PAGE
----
While researching my post about Big George Crowe, I learned that the Santurce Cangrejeros, one of the greatest Puerto Rico Winter League teams of all time for which many Major League stars played, is out of business.
Because of faltering attendance from 2000-2004, the Santurce team moved to two smaller island cities, first Manatí and then Arecibo. Now, with no games played during the 2010-2011 season and none scheduled in the future, it appears that the franchise is gone forever.
While I wouldn’t describe the passing of the Cangrejeros as significant as the demise of the Brooklyn Dodgers, the New York Giants or the Philadelphia Athletics, it’s nevertheless a serious blow to baseball history.
But Rubén Gómez, a marginally successful pitcher with the New York and San Francisco Giants, was Santurce and the Winter League’s most dominant player. Over his amazing 29-year Puerto Rican career, Gómez posted a 179-119 mark while striking out 2,488. Both Gómez’s win total and strike outs are all-time records.
At 46, Gómez had enough left in his tank to shut out bitter cross-town rival San Juan.
Gómez attributed his durability to his outstanding athletic ability conditioning. Nicknamed “El Divino Loco” (the Divine Madman) because he used the tricky Sixto Escobar Stadium winds to his advantage, Gómez earned a master’s degree in physical education from the University of Puerto Rico and starred on the baseball and track teams.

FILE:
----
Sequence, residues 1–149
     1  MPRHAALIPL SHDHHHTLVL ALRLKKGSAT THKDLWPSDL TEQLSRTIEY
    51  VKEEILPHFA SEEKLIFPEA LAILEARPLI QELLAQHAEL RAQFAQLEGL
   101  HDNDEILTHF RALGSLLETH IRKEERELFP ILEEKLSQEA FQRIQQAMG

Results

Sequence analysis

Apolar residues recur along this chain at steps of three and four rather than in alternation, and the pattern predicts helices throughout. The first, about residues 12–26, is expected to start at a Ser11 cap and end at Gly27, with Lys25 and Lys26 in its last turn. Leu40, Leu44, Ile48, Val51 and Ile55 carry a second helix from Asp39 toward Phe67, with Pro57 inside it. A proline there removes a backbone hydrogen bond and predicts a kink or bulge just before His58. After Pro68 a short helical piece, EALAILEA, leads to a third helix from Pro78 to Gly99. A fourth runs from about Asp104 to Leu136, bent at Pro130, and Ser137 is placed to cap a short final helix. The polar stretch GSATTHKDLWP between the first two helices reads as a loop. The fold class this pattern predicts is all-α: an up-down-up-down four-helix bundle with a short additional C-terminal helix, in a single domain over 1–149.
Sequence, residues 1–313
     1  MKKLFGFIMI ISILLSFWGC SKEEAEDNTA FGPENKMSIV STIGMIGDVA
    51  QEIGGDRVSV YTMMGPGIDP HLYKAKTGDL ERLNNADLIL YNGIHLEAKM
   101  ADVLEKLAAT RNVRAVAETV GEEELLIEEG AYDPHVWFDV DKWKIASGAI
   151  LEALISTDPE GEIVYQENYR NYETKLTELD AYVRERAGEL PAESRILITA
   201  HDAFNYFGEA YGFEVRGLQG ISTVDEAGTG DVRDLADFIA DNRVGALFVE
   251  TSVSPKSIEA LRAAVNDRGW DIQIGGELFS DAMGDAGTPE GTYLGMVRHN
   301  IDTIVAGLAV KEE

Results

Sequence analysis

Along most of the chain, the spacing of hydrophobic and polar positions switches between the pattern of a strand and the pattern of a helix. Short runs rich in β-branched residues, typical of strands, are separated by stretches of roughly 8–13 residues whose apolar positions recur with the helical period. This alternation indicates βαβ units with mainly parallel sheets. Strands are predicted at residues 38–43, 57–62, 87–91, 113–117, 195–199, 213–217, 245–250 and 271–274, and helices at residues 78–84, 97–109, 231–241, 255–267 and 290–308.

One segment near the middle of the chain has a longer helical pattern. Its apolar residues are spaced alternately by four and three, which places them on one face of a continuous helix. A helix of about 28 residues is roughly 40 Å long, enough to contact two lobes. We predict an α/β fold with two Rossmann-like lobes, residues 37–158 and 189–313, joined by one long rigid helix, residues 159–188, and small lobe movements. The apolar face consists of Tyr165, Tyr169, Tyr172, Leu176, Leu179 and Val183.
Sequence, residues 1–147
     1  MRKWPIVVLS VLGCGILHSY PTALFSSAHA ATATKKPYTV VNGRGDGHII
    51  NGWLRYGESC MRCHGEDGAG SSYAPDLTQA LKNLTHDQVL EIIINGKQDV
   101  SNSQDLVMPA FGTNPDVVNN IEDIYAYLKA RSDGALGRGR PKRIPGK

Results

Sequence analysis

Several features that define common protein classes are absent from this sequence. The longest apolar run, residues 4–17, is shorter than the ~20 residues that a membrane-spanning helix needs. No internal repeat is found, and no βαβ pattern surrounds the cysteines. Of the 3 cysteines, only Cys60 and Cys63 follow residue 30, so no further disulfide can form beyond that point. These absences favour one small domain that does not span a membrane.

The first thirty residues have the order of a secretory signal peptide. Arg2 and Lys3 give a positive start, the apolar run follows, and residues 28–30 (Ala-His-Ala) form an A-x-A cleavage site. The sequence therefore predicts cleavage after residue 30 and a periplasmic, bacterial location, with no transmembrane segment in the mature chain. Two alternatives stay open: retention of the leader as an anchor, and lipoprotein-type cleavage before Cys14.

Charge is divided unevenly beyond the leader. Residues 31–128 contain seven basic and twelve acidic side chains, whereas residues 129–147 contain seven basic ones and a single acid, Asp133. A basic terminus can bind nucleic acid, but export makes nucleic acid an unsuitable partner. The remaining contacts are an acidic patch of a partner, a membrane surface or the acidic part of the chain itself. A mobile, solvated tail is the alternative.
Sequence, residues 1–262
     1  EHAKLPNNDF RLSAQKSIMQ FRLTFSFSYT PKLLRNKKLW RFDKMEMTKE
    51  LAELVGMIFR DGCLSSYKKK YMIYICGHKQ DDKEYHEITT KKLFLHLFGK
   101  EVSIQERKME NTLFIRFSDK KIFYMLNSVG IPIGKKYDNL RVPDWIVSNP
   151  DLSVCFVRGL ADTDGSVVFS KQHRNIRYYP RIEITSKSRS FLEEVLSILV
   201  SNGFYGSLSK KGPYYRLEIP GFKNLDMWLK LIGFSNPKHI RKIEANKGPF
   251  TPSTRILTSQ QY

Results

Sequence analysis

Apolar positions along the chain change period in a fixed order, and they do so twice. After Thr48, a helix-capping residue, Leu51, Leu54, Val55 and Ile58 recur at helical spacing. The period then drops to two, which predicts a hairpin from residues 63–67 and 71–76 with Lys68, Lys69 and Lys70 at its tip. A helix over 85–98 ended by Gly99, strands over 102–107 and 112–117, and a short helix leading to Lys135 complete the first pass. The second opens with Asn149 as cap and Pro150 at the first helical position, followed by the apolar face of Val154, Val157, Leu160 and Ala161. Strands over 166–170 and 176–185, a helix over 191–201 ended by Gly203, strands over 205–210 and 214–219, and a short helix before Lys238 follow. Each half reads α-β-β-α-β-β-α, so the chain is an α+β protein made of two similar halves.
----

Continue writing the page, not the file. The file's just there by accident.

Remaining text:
When asked later in life about how his arm withstood all the innings pitched, Gómez said: “I lifted weights at home on a daily basis and at the university I would made 50 long throws of close to 400 feet from the outfield to home plate. That’s why my arm never bothered me. Even at 65, I didn’t have arthritis.”
Originally signed by the New York Yankees, the Bombers suspended Gómez for playing winter ball in the Dominican Republic. Eventually Gómez signed in 1953 with the Giants. One of the first Puerto Ricans to make his mark in the major leagues, Gómez broke in with a respectable 13-11 mark. He went 17-9 with a 2.88 ERA in 1954 and, with Johnny Antonelli and Sal Maglie, led the Giants to the World Championship over the heavily favored Cleveland Indians. In the third game, Gómez went the distance, pitching a four-hitter to dominate Indians’ starter Mike Garcia, 6-2.
Another Gómez performance was one for the ages. In 1958, the San Francisco Giants’ debut year after leaving the Polo Grounds, manager Bill Rigney tapped Gomez to pitch the first major league game ever played on the west coast. Gomez overwhelmed the Los Angeles Dodgers and Don Drysdale in a complete game masterpiece at Seals Stadium, 8-0.
Although Gómez last pitched for the Philadelphia Phillies in a cameo appearance in 1967, he was still a stand out in Puerto Rico. By the time his Winter League career ended a decade later in 1975-1976, Gómez had been on nine Santurce championship teams.
Gómez died in 2004 after a prolonged bout with complications from cancer.